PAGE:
It has yet to hit the air, but Oprah Winfrey's network, OWN, is not surprisingly at the forefront of the distribution maze, and the talk show monarch apparently has a plan that could potentially snap new life into non-fiction filmmaking.
At the Filmmaker Forum over the weekend at the Directors Guild of America in Los Angeles, OWN Senior Vice President, Scheduling, Acquisitions & Strategy Jeff Meier told a crowd of attendees that the anticipated network, which goes live on January 1, could very well do for documentary film what Winfrey did for the publishing industry.
"We want to create an OWN documentary club - sort of a riff on [Oprah's] book club - and pick one doc per month and see if we can drive an audience to something that can [often] be a ratings challenge," Meier said, adding what material they'll be seeking out in their first incarnation. "We're looking for personal stories. Not so political [per se], but we want to find illuminating humanity or issue films that tell a personal story."
Meier spoke at a panel along with colleagues from CAA, Sundance, ITVS, Impact Partners and Rhino Films in a discussion dubbed, "Find Money for Your Documentary," during the weekend-long event organized by Film Independent that gives insight on the nuts and bolts of the expansive business side of indie filmmaking.
The upshot from Meier was that Winfrey and her team at the soon-to-be super network are fans of documentary film, and apparently, they will extend attention and resources for non-fiction film.
So, here is the first phase plan by OWN on the doc side as shared to the crowd over the weekend. Meier told people at the discussion that OWN will primarily concentrate on picking up completed or almost completed work though it may on occasion come in earlier with money for completion funds. He was upfront, however, that this may not work for some filmmakers who guard autonomy even though the idea of bringing on a mega-partner early on like OWN may be hypnotizing.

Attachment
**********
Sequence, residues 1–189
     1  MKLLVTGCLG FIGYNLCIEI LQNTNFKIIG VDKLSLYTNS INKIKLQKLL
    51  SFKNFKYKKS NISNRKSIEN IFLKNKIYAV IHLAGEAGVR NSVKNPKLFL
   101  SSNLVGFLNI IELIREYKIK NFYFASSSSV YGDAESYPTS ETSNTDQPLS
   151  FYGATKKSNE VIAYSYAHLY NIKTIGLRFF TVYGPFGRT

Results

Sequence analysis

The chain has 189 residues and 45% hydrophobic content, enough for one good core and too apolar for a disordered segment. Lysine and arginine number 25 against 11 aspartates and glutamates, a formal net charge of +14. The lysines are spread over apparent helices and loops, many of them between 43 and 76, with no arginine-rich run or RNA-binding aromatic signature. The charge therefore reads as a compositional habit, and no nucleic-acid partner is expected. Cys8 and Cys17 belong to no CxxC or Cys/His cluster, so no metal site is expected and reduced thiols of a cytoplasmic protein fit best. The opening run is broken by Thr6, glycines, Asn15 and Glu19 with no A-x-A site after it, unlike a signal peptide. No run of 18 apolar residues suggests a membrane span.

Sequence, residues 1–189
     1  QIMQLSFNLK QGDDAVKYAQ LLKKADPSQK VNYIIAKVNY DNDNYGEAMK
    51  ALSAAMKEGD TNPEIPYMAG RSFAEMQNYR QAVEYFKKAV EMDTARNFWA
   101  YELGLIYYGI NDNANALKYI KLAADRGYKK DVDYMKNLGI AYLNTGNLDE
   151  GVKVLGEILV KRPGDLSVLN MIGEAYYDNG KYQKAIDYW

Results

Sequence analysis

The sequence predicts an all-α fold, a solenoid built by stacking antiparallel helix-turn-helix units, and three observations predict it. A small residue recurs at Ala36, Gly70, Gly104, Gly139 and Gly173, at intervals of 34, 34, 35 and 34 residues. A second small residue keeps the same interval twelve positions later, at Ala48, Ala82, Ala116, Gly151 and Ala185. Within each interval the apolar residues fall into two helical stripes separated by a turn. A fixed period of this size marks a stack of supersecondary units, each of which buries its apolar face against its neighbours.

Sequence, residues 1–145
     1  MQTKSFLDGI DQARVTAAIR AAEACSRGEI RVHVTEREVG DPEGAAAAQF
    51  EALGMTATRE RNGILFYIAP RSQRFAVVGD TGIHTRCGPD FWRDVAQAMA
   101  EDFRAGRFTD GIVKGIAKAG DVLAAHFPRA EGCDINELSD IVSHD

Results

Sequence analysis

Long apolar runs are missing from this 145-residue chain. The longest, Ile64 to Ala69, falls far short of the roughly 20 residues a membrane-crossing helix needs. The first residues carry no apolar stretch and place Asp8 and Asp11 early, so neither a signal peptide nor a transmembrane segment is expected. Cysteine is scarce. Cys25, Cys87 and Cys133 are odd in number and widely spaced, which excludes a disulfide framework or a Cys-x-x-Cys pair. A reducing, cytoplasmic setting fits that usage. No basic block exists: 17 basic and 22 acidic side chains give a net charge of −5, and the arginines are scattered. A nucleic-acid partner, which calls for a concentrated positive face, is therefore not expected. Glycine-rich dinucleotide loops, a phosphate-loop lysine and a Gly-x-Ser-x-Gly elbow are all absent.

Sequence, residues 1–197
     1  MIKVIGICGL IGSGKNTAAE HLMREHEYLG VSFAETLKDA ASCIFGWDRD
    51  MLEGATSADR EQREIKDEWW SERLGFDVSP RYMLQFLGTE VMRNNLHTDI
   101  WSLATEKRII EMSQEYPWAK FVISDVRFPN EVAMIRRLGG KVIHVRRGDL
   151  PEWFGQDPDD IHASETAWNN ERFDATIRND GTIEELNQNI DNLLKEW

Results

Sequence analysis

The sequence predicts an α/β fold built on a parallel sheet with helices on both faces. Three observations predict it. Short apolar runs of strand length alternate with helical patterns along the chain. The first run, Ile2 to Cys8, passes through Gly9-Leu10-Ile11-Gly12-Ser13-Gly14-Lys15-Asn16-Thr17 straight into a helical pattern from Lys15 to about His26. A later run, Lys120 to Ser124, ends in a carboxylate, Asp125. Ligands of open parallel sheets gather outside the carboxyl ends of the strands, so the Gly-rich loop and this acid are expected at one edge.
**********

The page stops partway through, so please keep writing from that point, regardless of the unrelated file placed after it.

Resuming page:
"If you want a movie that is your vision then you should come to [OWN] when the film is almost finished," noted Meier. "If you are still in progress with your [non-fiction] film and want finishing funds, then you should be open to guidance from a team. Granted I believe [our] team is very good and come with a lot of knowledge, but you have to be open to that."
Aspiring OWNers should keep in mind that the network's primary audience is women 25 - 54 and though Meier was quick to add that the fledgling channel has ambition beyond that scope, it will keep a focus on Winfrey's base.
Offering what on the surface seemed a contrarian viewpoint, Steven Nemeth from Rhino Films offered up practical advice on the business side while focusing on the art of filmmaking.
"I take the point-of-view that nobody will finance my movie," said Nemeth whose diverse credits include "Fear and Loathing in Las Vegas," "Dogtown and Z Boys" and "Fuel." "But I also think that having little to no money can be an advantage. I take the point-of-view that, 'we have to do this.'"
Nemeth recalled a project, "Robert Williams: Mr. Bitchin,'" about a painter whose story did not have the benefit of time. "We couldn't have made that movie if we hadn't just dived in," Nemeth said. "If we had waited for funding, I couldn't document the progression of this man and it wouldn't have been as comprehensive and as rich. You can take a situation of no financing and really make it an advantage."
While the discussion was about "raising funds" for docs, Nemeth cut to a core for many non-fiction filmmakers who hold an idealistic view about pursuing a story sans the restraints of budgets and the distribution unknown. "I'm a terribly optimistic pessimist."